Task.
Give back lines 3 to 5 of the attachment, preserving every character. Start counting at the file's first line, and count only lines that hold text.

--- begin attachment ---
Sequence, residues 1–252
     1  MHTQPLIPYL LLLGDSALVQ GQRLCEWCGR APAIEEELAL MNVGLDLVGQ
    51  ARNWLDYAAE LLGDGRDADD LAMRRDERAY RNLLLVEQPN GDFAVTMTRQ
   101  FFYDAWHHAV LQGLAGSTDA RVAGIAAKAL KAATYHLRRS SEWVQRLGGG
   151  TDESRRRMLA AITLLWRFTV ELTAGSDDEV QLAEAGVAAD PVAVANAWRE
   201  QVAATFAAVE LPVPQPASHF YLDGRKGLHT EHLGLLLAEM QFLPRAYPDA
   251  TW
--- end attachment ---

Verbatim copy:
    51  ARNWLDYAAE LLGDGRDADD LAMRRDERAY RNLLLVEQPN GDFAVTMTRQ
   101  FFYDAWHHAV LQGLAGSTDA RVAGIAAKAL KAATYHLRRS SEWVQRLGGG
   151  TDESRRRMLA AITLLWRFTV ELTAGSDDEV QLAEAGVAAD PVAVANAWRE